|Western pearly everlasting, Anaphalis margaritacea|
The plant is another of the asters; the "flower" is a cluster of tiny, yellow flowers, in a showy head of papery bracts. The flowers fade, but the bracts persist until next year's crop pushes them aside.
|Each flower head is about 1/4 inch across.|
I made a mistake this year. I always hang the fresh plants stem up in a dry place until the yellow flowers and the leaves are dry. Last week, I was in a rush, and plopped the whole handful into a vase where a broken hollyhock stem was being cared for. Then I forgot all about it.
When I looked at them again yesterday, the sap was still running. And the stems were covered in fat, dark aphids.
|Where did they come from? I'm sure there were none when I brought them home.|
When host plant quality becomes poor or conditions become crowded, some aphid species produce winged offspring, "alates", that can disperse to other food sources. (Wikipedia)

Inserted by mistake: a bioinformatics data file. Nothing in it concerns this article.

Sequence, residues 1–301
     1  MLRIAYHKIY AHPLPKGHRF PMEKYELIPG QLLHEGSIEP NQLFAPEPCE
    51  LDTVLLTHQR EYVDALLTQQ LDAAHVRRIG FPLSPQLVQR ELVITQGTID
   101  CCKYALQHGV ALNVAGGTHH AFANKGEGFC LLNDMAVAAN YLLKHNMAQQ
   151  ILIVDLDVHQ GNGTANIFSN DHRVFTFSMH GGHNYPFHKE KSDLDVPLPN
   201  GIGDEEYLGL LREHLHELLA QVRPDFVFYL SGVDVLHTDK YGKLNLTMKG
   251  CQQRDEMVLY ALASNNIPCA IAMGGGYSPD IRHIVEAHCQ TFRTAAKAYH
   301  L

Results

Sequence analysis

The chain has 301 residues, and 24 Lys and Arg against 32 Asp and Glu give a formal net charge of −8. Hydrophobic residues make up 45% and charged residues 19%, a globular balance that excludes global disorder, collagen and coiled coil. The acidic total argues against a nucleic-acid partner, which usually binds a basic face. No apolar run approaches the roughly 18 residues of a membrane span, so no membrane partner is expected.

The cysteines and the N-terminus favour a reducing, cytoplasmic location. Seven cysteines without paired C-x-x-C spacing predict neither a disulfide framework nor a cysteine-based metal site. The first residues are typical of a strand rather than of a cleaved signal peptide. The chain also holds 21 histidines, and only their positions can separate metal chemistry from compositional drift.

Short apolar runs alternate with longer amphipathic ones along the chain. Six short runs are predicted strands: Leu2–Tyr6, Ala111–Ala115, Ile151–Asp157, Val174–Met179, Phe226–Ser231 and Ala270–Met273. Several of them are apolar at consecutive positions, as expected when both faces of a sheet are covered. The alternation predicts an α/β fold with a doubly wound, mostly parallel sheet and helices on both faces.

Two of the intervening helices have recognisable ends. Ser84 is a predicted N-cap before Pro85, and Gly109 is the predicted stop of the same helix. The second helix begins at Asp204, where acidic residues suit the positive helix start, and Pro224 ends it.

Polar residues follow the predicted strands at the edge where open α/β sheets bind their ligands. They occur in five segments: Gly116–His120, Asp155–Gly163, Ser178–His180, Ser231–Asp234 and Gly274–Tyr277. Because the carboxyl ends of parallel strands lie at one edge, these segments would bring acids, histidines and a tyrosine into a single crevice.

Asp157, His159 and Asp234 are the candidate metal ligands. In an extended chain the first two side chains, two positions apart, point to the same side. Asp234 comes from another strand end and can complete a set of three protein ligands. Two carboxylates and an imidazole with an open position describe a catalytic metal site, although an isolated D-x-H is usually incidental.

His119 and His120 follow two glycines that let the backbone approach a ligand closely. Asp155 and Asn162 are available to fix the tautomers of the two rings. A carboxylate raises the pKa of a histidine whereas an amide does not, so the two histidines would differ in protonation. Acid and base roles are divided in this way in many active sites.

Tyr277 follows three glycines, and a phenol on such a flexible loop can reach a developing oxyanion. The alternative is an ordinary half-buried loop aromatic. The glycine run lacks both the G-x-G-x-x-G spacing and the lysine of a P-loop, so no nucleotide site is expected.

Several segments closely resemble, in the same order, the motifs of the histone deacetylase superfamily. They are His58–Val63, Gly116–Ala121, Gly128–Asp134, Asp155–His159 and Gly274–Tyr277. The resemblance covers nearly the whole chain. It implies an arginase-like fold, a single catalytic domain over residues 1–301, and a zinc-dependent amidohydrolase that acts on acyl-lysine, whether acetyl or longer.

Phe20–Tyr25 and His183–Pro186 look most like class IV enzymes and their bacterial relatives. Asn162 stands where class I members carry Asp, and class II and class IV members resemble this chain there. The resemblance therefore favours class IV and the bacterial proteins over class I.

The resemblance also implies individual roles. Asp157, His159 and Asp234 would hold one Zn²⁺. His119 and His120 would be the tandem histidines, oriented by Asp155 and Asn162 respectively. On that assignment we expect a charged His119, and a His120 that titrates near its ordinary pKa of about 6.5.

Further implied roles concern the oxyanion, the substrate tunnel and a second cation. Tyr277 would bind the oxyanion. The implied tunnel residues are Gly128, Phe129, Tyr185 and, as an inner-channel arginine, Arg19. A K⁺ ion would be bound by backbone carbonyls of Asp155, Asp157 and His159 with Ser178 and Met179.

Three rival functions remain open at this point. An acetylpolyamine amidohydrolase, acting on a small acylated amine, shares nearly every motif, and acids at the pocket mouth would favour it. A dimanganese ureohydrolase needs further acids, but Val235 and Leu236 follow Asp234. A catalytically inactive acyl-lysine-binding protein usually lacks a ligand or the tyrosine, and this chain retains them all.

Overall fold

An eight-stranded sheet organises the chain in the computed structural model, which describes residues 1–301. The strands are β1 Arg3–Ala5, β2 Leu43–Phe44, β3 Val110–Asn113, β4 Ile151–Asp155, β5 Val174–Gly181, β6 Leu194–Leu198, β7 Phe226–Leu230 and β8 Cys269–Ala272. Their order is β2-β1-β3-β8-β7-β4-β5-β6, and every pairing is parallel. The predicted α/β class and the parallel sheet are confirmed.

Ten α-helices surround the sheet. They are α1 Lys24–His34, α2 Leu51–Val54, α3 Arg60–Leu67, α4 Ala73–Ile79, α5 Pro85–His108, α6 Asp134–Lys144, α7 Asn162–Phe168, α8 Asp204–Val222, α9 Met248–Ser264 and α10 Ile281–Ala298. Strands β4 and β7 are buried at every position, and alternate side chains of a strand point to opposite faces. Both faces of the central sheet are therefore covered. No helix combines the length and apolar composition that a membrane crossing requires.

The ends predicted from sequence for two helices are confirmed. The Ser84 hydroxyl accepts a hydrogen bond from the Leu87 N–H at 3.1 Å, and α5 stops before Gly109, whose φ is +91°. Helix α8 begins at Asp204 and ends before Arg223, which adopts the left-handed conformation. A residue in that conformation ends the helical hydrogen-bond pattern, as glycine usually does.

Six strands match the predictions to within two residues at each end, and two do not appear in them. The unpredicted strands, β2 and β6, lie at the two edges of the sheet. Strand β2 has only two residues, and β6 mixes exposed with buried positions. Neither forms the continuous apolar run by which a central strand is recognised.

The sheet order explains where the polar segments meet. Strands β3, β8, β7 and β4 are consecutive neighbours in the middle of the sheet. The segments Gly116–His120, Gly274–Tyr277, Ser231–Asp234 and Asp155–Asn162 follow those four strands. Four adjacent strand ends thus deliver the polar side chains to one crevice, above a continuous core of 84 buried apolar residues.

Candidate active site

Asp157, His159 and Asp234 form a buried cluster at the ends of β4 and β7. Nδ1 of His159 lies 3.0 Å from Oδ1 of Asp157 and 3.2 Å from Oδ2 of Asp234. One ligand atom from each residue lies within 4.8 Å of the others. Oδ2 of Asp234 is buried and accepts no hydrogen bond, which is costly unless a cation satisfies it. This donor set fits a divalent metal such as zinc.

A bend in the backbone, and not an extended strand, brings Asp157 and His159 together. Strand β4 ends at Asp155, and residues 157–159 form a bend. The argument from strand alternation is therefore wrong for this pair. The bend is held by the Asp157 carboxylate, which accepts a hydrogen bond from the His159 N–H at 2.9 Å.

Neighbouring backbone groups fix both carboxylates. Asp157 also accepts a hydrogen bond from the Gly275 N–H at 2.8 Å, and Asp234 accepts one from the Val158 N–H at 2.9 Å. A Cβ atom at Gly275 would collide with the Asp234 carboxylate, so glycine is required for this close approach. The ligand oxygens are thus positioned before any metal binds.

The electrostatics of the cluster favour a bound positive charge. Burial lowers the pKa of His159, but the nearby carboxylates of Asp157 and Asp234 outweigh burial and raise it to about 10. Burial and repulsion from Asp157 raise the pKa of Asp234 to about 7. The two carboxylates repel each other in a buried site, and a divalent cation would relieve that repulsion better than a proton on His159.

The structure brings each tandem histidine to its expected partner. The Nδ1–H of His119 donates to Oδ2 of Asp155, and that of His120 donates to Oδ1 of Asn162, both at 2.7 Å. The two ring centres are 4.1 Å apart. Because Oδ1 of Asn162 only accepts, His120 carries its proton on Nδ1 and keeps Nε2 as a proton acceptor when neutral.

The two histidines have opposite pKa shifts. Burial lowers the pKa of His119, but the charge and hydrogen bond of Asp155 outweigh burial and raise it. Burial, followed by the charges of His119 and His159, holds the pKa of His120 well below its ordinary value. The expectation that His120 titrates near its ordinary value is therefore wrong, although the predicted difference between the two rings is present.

Oh. So they may have flown in. Or ...
(Text: "Did you know? In one season, just one aphid could produce over 600 billion descendants. During their asexual reproduction, the aphids give birth to live young instead of laying eggs. These young already contain their own young, meaning that an aphid gives not only birth to their children, but also their grandchildren.")
They were born here. And they're just getting started!
|One aphid, showing off her siphunculi.|
Most aphids have a pair of cornicles (or "siphunculi"), abdominal tubes through which they exude droplets of a quick-hardening defensive fluid containing triacylglycerols, called cornicle wax. (Wikipedia, again.)
These aphids are probably in the genus Uroleucon.